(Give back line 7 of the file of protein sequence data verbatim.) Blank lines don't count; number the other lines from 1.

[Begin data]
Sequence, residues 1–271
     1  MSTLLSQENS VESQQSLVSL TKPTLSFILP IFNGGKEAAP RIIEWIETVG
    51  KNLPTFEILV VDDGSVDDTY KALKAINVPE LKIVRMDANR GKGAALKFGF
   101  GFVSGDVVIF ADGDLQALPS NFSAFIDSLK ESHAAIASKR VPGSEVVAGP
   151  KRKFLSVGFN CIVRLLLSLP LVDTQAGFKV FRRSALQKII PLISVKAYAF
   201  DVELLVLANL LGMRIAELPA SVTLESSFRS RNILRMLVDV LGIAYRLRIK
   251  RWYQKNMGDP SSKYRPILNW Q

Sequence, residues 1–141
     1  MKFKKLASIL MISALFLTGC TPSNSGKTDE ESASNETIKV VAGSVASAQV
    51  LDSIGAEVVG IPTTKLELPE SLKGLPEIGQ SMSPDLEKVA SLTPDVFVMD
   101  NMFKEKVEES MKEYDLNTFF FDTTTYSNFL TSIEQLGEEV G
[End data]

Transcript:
   251  RWYQKNMGDP SSKYRPILNW Q